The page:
CLEMSON – A Clemson University doctoral candidate is embarking on a study of feathers to aid in understanding the evolution from dinosaurs to the birds of today in hopes of advancing modern-day computer-graphics and inspiring future generations.

A Clemson doctoral candidate is studying feather coloration and evolution to help advance more realistic computer graphics.

A Clemson doctoral candidate is studying feather coloration and evolution to help advance more realistic computer graphics.
Image Credit: Clemson Public Service and Agriculture

Jessica Baron, a doctoral candidate in visual computing, is working with a team of Clemson computer scientists and Adam Smith, a paleontologist and curator of the Campbell Geology Museum at the South Carolina Botanical Garden, in a study of feather coloration and evolution.

Baron’s study seeks to gain a better understanding of how feather properties have changed throughout the millions of years of their evolution. She believes this study will help generate more photorealistic computer imagery which will be beneficial in scientific visualization, industry, education and communication.

“It is important to study feathers because they are complex structures that exhibit a large variety of unique properties like coloration, flight and water repellency,” said Baron, who has traveled the world through research and internships. “Feathers also vary across extinct and living species. Studying properties such as color will lead to advancing visualization of extinct dinosaur feathers and understanding complex interactions between light and surfaces of materials like feathers to advance more realistic computer graphics.”

Baron and Smith, along with Clemson visual computing professors Eric Patterson and Daljit Singh Dhillon, received a grant from the National Science Foundation Division of Computer and Information Science and Engineering Core Programs for a multi-year study focused on how feather micro-structures produce color and iridescence. The researchers also will look at the similarities and differences between feathers of modern birds and those of extinct dinosaurs.

“This interdisciplinary collaboration will lead to the first computer-graphics model specifically developed for feathers,” Smith said. “This knowledge will contribute to educational efforts related to birds and other dinosaurs, as well as transform rendering capabilities to create photorealistic images of feathers and feathered creatures for scientific visualization, illustration, documentaries and interactive graphics.”

The study of feathers is important because scientific examination of these unique biological structures have led to technical advances in fields of materials such as velcro, insulators, color-changing materials and aviation.

“Feathers are significantly more complex than hair and scales,” Smith said. “There is still a lot left to discover about how feathers are capable of serving so many different functions.”

Evolution of feathers is an ongoing area of research by paleontologists and developmental biologists. Smith said it was the many feathered dinosaur fossils found starting in the 1990’s that helped to finally put to rest the controversy over bird origins. These feathered dinosaur fossils helped answer the question of whether birds evolved from dinosaurs or from some other unknown reptilian ancestor. The fossil record notes successive stages in feather evolution in dinosaurs.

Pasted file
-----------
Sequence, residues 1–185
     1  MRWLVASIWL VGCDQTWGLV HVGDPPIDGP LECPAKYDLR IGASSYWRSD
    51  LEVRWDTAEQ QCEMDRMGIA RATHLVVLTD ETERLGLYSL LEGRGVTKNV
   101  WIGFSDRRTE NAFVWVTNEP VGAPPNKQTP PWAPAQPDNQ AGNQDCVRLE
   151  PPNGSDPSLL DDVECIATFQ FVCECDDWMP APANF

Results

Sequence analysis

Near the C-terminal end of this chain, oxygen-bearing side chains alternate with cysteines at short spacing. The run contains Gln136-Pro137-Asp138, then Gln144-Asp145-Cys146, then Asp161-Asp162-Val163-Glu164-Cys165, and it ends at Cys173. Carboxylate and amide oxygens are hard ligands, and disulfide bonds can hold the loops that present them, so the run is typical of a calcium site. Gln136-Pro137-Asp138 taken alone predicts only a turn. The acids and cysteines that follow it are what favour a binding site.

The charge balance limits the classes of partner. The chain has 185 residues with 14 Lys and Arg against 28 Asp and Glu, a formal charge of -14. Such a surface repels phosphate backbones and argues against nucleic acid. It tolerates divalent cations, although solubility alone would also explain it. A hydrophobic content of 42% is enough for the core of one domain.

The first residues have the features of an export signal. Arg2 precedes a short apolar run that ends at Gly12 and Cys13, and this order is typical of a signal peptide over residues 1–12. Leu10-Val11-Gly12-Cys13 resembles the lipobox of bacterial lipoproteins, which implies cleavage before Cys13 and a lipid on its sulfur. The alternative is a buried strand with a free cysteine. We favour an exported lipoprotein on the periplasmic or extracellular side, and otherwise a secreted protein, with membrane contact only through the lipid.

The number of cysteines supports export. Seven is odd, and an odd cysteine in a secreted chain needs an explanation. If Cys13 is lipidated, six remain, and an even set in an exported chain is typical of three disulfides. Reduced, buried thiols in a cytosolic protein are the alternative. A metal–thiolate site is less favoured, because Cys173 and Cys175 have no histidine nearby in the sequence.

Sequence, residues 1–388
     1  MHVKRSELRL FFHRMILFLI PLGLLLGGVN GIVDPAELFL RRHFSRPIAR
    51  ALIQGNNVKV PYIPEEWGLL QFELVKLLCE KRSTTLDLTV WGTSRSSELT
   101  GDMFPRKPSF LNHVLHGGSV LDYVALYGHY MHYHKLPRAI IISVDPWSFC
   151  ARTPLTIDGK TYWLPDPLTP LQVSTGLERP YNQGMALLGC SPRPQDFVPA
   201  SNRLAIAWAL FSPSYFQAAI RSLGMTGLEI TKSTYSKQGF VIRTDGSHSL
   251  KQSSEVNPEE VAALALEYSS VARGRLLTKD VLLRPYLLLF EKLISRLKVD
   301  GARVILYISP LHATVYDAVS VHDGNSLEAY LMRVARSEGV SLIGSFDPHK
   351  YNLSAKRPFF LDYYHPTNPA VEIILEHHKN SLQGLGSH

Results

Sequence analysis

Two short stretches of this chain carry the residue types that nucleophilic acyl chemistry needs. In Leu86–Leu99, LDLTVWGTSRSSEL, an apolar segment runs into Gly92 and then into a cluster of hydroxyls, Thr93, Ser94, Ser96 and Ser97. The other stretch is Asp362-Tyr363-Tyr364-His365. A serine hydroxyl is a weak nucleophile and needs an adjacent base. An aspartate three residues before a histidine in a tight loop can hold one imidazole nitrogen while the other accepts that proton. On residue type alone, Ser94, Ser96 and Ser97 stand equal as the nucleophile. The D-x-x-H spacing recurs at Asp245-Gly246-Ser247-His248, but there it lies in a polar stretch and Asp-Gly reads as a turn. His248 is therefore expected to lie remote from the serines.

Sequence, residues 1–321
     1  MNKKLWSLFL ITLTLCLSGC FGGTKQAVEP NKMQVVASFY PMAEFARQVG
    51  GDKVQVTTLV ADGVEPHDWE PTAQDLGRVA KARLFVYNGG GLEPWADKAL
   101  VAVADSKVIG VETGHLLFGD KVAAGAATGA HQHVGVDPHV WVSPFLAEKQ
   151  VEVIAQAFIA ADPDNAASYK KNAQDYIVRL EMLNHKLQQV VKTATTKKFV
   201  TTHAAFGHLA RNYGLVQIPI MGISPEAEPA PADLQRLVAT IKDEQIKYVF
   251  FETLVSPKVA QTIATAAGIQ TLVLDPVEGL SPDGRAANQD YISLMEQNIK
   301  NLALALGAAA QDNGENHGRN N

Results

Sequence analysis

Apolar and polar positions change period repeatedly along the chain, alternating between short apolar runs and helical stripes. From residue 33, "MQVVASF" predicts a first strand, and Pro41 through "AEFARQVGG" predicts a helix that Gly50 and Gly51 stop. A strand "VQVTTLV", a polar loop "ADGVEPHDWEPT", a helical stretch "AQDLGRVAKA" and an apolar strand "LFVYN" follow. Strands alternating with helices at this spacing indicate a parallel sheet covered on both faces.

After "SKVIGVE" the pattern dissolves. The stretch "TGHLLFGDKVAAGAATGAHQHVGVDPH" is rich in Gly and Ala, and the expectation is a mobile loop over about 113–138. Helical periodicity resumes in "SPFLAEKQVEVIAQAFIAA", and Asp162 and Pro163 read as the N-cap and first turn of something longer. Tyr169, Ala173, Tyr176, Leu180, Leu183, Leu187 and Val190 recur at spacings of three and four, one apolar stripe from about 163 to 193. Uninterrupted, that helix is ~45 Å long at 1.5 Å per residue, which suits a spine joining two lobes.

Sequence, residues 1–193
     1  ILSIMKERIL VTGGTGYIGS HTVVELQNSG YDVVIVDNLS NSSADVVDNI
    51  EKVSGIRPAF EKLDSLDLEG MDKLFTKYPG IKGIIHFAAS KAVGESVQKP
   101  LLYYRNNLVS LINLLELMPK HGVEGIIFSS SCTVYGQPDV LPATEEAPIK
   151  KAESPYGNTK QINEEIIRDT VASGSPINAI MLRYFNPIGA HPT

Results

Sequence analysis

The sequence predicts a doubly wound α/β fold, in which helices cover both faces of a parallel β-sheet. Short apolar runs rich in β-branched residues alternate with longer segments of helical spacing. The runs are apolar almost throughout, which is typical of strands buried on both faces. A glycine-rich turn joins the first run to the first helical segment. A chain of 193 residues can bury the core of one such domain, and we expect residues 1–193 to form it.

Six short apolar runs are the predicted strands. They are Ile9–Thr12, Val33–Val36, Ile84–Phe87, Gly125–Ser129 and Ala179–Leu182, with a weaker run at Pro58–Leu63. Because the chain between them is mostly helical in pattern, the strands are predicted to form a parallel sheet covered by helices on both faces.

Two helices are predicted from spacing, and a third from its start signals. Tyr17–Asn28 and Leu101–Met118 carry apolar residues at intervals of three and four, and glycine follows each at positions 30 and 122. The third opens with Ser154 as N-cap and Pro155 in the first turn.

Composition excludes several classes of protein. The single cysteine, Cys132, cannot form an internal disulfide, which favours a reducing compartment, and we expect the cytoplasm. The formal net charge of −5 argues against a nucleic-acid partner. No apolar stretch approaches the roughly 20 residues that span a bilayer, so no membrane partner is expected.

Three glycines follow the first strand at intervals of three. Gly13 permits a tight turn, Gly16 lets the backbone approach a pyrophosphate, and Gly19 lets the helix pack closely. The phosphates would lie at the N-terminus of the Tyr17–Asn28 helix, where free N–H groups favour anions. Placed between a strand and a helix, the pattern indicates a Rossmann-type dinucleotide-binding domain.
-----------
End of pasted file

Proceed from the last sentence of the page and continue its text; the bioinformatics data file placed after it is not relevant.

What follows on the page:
“The microscopic-scale work we have been funded to continue will provide new data that can be compared with astounding fossils that preserve soft tissues like feathers and their impressions,” Smith said. “Our research hopefully will lead to new insights about the structural properties of feathers, how those properties may have evolved and potential uses for society.”

Knowledge gained from this study will contribute to studies related to birds and other dinosaurs, as well as improve the ability to create photorealistic images of feathers and feathered creatures. Baron has already gained valuable knowledge from working on the project and leading up to it through research during undergraduate and graduate studies. She also has professional experience in computer graphics at Weta Digital, Pixar Animation Studios and Epic Games. In addition, she has also researched feathers in Germany and is a 2020-2021 Fulbright recipient with plans to continue feather-appearance work in Switzerland.

“Researching feathers for computer graphics has been very beneficial in that I have learned and continue to learn more about how a variety of real-world materials such as metals, plastics, glass, skin, hair, fur and more are represented for computer graphics,” Baron said. “In understanding how mathematical functions mimic the interactions of light with those surfaces in the real world and in finding that many phenomena are still not yet described in graphics, I learned that investigating feathers in depth through this project will aid in further understanding complex, natural phenomena such as feathers and impact multiple disciplines.”

After graduation, Baron plans to pursue research and development in computer graphics, particularly rendering, and has been inspired by her mentors in the industry who remain involved with academics and research and by the interdisciplinary and international connections made through studying both feathers and rendering.

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This material is based upon work supported by the National Science Foundation Division of Computer and Information Science and Engineering Core Programs (CISE Award Number (FAIN): 2007974)

Image Credit: Jessica Baron, specimens provided by Melissa Fuentes of the Campbell Museum of Natural History and imaging funding by Clemson University Core Incentivized Access.